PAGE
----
Whether you’re newly certified or have been personal training for awhile, you can easily set yourself apart from the competition with professionalism. Many people get into the fitness industry because it’s a hobby and passion. If you have plans to sustain fitness as a career, follow these tips to transform your personal training hobby into a profession.
1. Listen to your voicemail. How does it sound? Happy? Excited? Sad? Mumbled? Grumpy? Write a new script for it and smile or dance around to some music before you record. But, keep it brief. Your tone of voice is often more impactful than your words.
2. Social media clean up. Scan your facebook, twitter, Instagram, etc. and remove any photos of you that show you at less than your best. Intoxicated, half nude, etc. Unless it fits into your brand somehow, get rid of inappropriate pics.
3. Listen before giving advice. If you really want to help people, start listening more intently and get curious. People often give away the solutions to their problems when they’re talking to you. It’s human nature to think you have the answers for someone else, but really the best thing to do sometimes is to listen, clarify and ask questions. Help lead them to their own conclusion.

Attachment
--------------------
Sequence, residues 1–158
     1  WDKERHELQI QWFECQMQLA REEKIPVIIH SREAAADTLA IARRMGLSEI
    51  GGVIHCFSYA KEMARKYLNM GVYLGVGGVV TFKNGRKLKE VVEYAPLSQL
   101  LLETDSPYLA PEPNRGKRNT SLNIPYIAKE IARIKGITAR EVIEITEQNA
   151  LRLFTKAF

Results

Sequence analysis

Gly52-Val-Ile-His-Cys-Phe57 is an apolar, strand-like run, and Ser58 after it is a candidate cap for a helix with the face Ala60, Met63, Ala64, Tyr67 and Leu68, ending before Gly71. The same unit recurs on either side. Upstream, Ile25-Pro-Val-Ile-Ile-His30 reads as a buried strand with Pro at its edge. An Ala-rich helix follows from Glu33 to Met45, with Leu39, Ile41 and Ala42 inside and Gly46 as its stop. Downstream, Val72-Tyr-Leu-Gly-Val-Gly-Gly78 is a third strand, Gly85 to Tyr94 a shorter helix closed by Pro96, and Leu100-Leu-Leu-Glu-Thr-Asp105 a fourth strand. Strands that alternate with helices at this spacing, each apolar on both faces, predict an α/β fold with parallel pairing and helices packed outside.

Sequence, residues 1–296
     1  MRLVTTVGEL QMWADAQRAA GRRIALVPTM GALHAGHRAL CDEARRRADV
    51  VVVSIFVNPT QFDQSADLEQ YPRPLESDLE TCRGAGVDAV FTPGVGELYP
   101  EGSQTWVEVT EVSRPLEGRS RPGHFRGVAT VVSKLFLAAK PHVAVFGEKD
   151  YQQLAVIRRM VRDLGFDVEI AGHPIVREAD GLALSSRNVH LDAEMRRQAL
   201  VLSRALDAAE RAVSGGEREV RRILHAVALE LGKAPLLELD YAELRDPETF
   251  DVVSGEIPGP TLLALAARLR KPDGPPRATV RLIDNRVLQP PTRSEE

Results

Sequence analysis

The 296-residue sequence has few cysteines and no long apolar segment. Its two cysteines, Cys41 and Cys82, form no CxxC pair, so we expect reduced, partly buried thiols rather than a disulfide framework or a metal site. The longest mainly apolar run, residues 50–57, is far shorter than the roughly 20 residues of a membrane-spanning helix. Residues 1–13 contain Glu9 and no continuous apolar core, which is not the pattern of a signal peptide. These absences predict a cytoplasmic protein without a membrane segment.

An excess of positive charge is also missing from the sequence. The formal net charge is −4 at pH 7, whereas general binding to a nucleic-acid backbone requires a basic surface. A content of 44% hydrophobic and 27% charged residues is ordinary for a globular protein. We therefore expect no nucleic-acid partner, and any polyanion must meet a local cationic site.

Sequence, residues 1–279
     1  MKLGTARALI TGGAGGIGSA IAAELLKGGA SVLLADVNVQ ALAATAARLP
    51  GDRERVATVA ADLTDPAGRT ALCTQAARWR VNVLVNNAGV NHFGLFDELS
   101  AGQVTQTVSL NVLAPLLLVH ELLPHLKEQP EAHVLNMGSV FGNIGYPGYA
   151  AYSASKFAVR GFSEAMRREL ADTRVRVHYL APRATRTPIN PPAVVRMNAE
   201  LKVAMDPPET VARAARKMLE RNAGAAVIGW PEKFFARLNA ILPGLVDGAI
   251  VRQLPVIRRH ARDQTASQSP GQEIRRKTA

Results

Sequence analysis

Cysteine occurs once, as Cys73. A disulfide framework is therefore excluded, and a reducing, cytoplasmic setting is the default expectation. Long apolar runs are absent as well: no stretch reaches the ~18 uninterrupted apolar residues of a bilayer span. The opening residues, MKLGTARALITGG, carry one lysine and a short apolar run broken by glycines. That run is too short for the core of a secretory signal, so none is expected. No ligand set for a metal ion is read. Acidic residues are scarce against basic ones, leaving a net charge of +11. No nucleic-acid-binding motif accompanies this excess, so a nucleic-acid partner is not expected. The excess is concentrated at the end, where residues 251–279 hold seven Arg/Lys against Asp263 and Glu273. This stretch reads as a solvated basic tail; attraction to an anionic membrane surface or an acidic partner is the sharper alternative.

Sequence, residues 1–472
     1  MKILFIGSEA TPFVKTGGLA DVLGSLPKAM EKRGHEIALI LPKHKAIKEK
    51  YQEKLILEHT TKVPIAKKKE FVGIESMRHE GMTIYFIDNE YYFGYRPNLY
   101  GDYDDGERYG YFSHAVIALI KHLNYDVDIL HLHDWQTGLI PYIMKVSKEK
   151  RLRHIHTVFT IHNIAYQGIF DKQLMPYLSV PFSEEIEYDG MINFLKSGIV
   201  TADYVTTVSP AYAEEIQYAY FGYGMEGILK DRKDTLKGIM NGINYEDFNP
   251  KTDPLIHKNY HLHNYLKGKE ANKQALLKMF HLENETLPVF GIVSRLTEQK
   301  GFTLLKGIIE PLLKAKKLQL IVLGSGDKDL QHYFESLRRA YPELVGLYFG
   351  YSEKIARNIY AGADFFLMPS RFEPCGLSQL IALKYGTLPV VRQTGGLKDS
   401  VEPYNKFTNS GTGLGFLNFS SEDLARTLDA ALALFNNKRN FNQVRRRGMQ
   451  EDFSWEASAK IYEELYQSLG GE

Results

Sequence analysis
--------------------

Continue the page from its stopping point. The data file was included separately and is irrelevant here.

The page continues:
4. Keep notes. Use a three ring binder with dividers to keep track of clients health information, likes, dislikes, routines, and amounts of weight they use for each exercise. Don’t get caught saying, “What did we do last time?” Also, if you’re out of town this can be useful for your substitute or if you ever move away you can pass this on to the next person.
5. Build a referral network. Find a trusted massage therapist, chiropractor, physical therapist, nutritionist, yoga instructor, etc. who you like and trust. Trade a session with them (or observe them for an hour, in the case of a PT) and propose that you exchange business cards to refer clients back and forth. Only do this if you like them and it’s reciprocal (they are willing to refer to you).
6. Invest in education. NFPT offers many affordable opportunities for continuing education. The Idea Fitness Journal is a professional, credible magazine that provides the current research in the industry ten times per year. Don’t just get education for the credit, do it because you want to be the best.
7. Focus on the client. It’s easy to land up talking about yourself when you spend a couple hours a week with someone. Keep it minimal and always bring conversations back to the client. Answer their questions about your weekend, your life and your habits briefly, politely and then re-direct to them. “I went nordic skiing with my dogs this weekend. What did you do?”
While you’re busy being professional, don’t forget to also be YOU by being professionally authentic.